Tony Hendra, the British humorist and National Lampoon alumnus who played the blundering This Is Spinal Tap band manager responsible for delivering both the tiny Stonehenge and one of the film’s greatest sight gags, died yesterday in Yonkers, New York of Lou Gehrig’s disease. He was 79.
Hendra’s wife Carla confirmed his death to The New York Times. The actor was first diagnosed with Lou Gehrig’s disease, or amyotrophic lateral sclerosis, in 2019.
A member of the Cambridge University Footlights revue in 1961 and 1962, Hendra appeared onstage with both John Cleese and Graham Chapman, establishing himself in the new British humor scene along with those future Monty Python stars. He moved to the United States in 1964 with comedy partner Nick Ullett. The duo opened for Lenny Bruce at the Café Au Go Go in New York’s Greenwich Village and appeared on The Ed Sullivan Show.
Hendra, who had written for the seminal British comedy series That Was The Week That Was, eventually pivoted to TV writing in the U.S., including Playboy After Dark in 1969 and, the same year, ABC’s short-lived Music Scene rock and pop series. According to the Times, Hendra stalled any career momentum he’d built by taking out a trade publication ad lambasting General Motors for the company’s record on pollution.
His TV career blown, Hendra sought work at the National Lampoon magazine (he’d contributed to The Harvard Lampoon as a student) and was named managing editor in 1971. Within a year, Hendra had written, directed and produced the Lampoon’s highest profile project to date, the Off Broadway satirical revue National Lampoon’s Lemmings. Just as his Cambridge years put him in league with Britain’s rising stars, the Lemmings and the Lampoon found him entrenched in America’s fledgling underground satire scene alongside then-unknowns John Belushi, Chevy Chase and, perhaps most significantly for Hendra, Christopher Guest.
In 1984, Guest cast Hendra as the long-suffering, trigger-tempered manager of Spinal Tap, the fictional heavy-metal band featured in the mockumentary classic This Is Spinal Tap starring screenwriter Guest, Michael McKean, Harry Shearer and directed by Rob Reiner, who called Hendra “a brilliant satirist” in a tweet today.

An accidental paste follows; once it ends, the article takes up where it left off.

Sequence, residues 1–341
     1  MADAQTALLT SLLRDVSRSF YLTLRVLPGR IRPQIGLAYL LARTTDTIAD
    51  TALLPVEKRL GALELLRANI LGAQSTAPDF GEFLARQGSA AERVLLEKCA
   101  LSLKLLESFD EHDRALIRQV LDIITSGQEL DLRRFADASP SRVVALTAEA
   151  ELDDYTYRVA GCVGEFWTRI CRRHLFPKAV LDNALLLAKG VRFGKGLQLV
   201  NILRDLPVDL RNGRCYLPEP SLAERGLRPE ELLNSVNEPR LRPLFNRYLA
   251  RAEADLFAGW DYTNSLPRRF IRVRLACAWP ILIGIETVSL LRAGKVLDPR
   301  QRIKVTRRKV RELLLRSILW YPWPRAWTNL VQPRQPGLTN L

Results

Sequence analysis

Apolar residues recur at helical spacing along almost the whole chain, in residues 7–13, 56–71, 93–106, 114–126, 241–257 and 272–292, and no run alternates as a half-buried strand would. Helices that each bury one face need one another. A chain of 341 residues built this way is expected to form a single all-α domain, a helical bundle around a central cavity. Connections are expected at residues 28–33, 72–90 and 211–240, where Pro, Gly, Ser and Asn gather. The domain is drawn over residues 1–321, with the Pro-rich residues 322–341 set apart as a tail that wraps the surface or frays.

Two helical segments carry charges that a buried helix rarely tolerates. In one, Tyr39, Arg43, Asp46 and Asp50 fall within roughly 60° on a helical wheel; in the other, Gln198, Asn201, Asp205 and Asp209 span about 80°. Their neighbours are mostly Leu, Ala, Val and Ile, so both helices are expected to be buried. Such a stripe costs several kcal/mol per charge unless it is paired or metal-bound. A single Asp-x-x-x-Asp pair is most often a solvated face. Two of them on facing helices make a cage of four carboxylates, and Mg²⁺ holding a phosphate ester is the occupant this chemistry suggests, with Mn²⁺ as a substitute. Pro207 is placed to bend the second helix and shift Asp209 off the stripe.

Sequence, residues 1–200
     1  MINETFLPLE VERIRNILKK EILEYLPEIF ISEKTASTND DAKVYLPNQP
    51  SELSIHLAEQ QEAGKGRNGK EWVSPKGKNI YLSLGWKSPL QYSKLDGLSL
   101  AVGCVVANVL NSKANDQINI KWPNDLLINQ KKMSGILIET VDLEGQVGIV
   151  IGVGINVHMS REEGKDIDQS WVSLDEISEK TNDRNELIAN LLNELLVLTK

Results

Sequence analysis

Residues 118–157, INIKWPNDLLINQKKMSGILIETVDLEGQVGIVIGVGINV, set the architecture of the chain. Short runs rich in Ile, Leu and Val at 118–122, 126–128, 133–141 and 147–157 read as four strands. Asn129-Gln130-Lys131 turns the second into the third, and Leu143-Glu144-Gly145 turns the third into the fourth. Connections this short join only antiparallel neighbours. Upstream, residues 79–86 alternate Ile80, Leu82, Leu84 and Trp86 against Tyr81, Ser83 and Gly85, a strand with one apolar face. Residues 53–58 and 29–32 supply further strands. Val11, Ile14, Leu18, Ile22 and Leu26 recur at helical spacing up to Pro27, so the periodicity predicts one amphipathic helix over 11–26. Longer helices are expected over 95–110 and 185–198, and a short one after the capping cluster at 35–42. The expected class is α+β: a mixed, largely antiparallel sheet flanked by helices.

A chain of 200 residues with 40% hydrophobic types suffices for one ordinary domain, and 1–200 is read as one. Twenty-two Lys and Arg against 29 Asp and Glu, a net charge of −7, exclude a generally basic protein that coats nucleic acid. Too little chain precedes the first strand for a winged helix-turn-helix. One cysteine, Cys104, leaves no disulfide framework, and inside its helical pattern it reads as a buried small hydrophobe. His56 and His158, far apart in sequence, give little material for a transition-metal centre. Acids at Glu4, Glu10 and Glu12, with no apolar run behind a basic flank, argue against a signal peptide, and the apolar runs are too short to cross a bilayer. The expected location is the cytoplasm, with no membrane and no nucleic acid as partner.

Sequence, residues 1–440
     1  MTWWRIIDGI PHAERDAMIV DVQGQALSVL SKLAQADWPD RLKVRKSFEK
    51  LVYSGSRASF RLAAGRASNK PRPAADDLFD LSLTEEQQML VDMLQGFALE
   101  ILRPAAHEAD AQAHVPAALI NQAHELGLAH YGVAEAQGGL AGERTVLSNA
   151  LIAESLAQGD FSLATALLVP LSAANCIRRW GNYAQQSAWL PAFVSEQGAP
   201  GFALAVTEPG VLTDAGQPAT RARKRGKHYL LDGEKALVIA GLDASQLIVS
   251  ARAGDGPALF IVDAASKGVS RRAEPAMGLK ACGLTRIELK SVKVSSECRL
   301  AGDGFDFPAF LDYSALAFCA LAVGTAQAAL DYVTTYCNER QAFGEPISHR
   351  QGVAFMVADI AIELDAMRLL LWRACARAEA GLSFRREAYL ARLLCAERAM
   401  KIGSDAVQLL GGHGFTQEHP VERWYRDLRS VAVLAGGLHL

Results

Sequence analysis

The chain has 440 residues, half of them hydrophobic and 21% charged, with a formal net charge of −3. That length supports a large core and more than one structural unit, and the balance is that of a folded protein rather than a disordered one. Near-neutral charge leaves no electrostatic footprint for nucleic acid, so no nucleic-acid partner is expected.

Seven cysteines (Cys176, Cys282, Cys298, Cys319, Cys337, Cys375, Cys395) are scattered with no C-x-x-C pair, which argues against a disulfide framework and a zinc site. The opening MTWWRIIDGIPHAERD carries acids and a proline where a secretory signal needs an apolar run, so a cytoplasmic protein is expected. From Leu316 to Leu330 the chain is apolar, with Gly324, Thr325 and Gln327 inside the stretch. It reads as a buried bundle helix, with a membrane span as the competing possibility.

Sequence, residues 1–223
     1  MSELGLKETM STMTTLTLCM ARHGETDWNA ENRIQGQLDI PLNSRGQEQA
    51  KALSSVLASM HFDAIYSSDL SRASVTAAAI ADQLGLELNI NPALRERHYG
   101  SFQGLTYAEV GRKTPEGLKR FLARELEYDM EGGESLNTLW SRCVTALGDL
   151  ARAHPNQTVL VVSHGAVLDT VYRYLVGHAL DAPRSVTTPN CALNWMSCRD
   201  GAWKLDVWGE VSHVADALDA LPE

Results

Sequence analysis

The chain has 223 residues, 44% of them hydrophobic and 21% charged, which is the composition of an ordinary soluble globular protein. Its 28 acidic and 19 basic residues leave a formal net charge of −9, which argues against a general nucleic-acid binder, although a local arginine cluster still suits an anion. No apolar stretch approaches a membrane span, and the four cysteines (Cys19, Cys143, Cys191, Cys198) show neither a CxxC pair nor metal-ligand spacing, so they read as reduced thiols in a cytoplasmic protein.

As the out-of-his-depth Ian Faith, Hendra delivered some of the film’s most quotable lines. “Certainly, in the topsy-turvy world of heavy rock, having a good solid piece of wood in your hand is often useful,” Hendra’s Faith said cluelessly. Breaking the bad news that the band’s Boston gig has been canceled, the manager deadpans, “I wouldn’t worry about it though, it’s not a big college town.”
In what is possibly the film’s scene most revered by fans, Ian Faith’s ineptitude results in a hilariously undersized Stonehenge stage prop to descend as the band is playing a Zeppelin-inspired ode to the monument. When McKean’s David St. Hubbins explodes in anger after the show, the manager says, “I really think you’re just making much too big a thing out of it.”
The same year Spinal Tap was released, Hendra wrote and co-produced episodes of British comedy series Spitting Image. Subsequent writing credits include the 1996 comedy The Great White Hype starring, Samuel L. Jackson, Jeff Goldblum and Damon Wayans. As an actor, he had roles in the Whoopi Goldberg comedy Jumpin’ Jack Flash (1996) and TV shows Miami Vice, Suits, Law & Order: Criminal Intent and others.
Hendra published a memoir about his spiritual awakening in 2004 called Father Joe: The Man Who Saved My Soul. The book’s popularity brought Hendra a renewed visibility, and prompted his estranged daughter Jessica Hendra to go public with accusations that as a child she’d been molested by her father. In 2005, she wrote her own memoir, How to Cook Your Daughter, detailing the charges. Hendra denied the accusations.
Jessica Hendra is one of five children who survive Hendra, along with wife Carla and extended family.
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